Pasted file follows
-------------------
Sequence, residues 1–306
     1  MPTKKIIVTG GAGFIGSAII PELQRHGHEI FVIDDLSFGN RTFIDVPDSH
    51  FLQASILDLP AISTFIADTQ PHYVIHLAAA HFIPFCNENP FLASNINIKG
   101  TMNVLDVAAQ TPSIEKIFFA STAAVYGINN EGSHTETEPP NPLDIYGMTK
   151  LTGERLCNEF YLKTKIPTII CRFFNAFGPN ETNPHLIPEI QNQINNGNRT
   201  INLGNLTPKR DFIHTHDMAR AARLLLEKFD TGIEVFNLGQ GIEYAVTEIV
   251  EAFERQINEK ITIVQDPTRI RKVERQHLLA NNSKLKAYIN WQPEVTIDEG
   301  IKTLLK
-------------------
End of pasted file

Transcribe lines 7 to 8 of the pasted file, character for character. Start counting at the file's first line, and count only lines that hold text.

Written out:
   251  EAFERQINEK ITIVQDPTRI RKVERQHLLA NNSKLKAYIN WQPEVTIDEG
   301  IKTLLK